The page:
EADS and its partners’ research focuses on sustainable plants and sources of organic substances (biomass) that do not compete with land, food or water resources, while also respecting the local flora habitat. This protects a region’s natural resources and can support local employment.
Microalgae have emerged as one of the leading sources of alternative fuels, having been grown commercially for many years for such products as food supplements and cosmetics. They reproduce rapidly, can be raised on poor quality land using non-potable water or saltwater, create more organic substance per cultivated area than other potential sources, and do not compete with food production.
As well as extensive testing, EADS Innovation Works (IW) is actively encouraging the development of viable business models to advance the use of algae biofuel into reality within the aviation industry. To this end, IW has successfully proposed an EADS business nursery programme for the development of pathways based on yeast and algae, and the creation of an R&T platform is expected in Toulouse, funded partly by the French government, to work on scaling up yeast production
Jean Botti, EADS Chief Technical Officer, explains the potential of biofuels.
“EADS wants to involve the entire value chain in developing a valid business model for biofuel production and utilisation – engaging everyone from cultivators and refiners to the designers of aircraft and propulsion systems, along with end-users such as airlines and operators,” says Odile Petillon, Head of Operations – Energy & Propulsion EADS Innovation Works.
Following this strategy, IW has partnered with a South American company on algae research, whose yield is huge compared to other plants. “What is interesting about this project is that they are trying to mimic nature,” Petillon explains. Instead of just working with the most efficient strains of microalgae, the company works with a mix of 17-20 different strains, together in a single ecosystem. They don’t all produce a high level of oil, but together they provide the right environment for growth. “It is a more organic approach,” continues Petillon, “simulating tidal cycles and combining growth through photosynthesis [sub-surface algae] and carbon material [algae and other micro-organisms in ‘deep’ water].”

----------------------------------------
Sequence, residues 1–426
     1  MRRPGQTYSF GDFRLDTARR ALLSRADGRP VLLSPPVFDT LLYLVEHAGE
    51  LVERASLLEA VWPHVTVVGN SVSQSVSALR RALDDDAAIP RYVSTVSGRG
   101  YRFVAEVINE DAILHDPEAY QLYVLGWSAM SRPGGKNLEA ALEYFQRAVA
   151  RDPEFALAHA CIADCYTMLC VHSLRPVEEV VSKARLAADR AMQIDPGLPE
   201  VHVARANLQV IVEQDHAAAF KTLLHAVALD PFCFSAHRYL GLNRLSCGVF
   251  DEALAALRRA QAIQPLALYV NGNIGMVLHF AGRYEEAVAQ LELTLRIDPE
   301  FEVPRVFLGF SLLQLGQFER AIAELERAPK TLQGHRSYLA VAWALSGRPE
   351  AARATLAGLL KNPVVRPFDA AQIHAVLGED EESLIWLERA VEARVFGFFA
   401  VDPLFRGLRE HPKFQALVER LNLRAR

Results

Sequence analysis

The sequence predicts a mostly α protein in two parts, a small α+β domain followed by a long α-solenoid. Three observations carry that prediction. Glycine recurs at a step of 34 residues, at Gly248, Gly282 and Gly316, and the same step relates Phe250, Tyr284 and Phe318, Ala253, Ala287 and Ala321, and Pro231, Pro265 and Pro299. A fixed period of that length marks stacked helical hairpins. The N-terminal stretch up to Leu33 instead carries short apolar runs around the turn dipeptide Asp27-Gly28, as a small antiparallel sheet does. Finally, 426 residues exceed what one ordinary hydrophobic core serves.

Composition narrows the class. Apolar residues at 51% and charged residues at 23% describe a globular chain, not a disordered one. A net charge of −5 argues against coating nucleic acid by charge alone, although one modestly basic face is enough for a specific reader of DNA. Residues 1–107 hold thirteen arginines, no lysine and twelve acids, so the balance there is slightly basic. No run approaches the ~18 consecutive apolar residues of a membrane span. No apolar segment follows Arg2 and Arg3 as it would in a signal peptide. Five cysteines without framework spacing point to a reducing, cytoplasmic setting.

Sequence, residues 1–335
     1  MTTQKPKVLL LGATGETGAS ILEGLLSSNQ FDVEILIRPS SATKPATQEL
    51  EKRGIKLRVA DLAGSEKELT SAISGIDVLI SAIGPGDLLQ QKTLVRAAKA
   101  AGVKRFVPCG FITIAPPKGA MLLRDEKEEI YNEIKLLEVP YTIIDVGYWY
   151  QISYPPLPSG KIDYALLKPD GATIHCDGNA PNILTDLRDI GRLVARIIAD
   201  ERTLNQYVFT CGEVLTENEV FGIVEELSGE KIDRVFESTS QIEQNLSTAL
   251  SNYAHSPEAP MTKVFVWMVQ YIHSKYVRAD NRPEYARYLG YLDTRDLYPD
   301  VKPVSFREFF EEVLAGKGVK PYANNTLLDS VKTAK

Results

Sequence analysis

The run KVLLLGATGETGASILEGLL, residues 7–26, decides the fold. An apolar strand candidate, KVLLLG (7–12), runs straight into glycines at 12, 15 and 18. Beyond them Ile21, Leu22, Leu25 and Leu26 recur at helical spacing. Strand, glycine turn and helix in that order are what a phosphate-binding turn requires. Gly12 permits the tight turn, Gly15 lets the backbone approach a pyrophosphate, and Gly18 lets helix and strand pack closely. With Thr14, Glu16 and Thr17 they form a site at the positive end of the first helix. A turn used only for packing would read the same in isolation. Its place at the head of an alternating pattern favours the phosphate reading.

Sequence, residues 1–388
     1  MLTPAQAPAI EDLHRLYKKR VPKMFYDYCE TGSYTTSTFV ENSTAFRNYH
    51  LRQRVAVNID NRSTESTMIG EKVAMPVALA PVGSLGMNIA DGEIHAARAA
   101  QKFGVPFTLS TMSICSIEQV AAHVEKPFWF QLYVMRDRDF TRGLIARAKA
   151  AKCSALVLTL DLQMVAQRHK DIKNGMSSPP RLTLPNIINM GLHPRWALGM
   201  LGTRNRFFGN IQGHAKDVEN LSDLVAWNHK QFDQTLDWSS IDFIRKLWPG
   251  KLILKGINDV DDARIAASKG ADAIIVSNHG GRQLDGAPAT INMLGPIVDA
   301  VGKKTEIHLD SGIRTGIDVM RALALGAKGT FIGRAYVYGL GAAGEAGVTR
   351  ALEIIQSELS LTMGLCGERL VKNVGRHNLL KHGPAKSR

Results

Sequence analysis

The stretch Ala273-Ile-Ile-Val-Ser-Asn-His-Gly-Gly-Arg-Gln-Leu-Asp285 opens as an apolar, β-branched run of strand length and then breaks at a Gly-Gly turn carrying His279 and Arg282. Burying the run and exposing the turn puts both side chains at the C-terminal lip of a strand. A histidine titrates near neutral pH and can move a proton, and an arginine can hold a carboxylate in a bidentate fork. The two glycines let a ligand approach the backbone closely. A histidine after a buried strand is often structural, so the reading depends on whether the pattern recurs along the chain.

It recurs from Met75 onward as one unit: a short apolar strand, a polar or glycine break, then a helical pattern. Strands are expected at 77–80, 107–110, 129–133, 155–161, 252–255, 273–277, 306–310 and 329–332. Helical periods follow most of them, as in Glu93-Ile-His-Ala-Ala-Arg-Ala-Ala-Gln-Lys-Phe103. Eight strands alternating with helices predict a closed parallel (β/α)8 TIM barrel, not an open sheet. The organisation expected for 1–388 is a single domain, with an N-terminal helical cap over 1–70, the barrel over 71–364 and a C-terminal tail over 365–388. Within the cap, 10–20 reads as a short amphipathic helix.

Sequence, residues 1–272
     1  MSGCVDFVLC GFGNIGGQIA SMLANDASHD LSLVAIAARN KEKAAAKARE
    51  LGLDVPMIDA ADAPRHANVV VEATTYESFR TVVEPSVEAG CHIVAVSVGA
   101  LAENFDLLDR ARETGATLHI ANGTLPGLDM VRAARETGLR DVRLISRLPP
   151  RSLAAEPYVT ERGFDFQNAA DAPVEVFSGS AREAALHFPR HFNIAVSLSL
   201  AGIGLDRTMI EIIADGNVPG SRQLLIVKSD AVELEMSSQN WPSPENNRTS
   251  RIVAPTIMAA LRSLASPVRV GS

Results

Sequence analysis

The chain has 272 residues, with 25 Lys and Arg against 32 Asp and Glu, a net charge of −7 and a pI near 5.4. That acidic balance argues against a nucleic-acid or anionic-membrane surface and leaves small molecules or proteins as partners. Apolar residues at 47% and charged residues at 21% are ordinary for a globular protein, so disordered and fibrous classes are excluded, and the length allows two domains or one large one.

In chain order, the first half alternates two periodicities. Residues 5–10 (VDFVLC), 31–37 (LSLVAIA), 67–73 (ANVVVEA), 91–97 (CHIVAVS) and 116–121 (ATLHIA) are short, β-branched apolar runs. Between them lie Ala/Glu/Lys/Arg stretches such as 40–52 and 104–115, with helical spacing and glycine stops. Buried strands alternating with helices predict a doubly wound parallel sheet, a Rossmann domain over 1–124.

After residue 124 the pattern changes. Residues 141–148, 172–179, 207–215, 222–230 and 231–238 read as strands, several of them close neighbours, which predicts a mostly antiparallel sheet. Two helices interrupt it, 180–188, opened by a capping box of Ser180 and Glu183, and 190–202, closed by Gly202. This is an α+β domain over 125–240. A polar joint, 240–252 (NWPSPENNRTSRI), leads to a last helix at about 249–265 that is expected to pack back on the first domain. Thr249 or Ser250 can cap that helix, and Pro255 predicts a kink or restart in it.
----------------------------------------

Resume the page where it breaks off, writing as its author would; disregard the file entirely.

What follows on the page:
Did you know…?
Algae absorb a quantity of carbon dioxide emissions three times their size. They can be harvested every six weeks and they also offer a much better yield: for example, if Belgium was planted with algae, it would fuel the entire world’s aviation traffic for a year.
Airbus' value chain strategy
New Energy Program Manager Frédéric Eychenne highlights the Airbus strategy to speed up aviation biofuel commercialization.
Airbus’s strategy is based on being the catalyst in the search for sustainable solutions leading to production of commercial quantities of alternative aviation fuels. A new industry-wide initiative to speed up aviation biofuel commercialisation in Europe has been launched by Airbus, the European Commission, leading European airlines and key European biofuel producers. This initiative, called the “European Advanced Biofuel Flightpath,” is committed to supporting and promoting the production, storage and distribution of sustainably produced drop-in biofuels for aviation use. The objective is to reach two million tonnes of production and consumption by 2020, which represents roughly four per cent of the aviation fuel used across the European Union.
Airbus’ launch of an alternative fuels roadmap has led to collaborative projects and flights with airline partners, along with the recent approval of 50 per cent blends of biomass to liquid (BTL) and hydroprocessed esters and fatty acids (HEFA) fuels on commercial flights. In one partnership effort, Lufthansa performed daily bio-fuel flights using a 50 per cent blend of jatropha-based fuel in one engine on an A321.
Airbus is also setting up value chains on each continent with Brazil’s TAM (Jatropha plant), Virgin Australian Airlines (eucalyptus), Qatar Airways (microalgae) and Romania’s Tarom and Spain’s Iberia (camelina). Additionally, Airbus partnered with China’s Tsinghua University and the China Petroleum and Chemical Corporation (Sinopec) in 2012 to explore fuel sources, develop a value chain, and produce aviation biofuel for use in the country.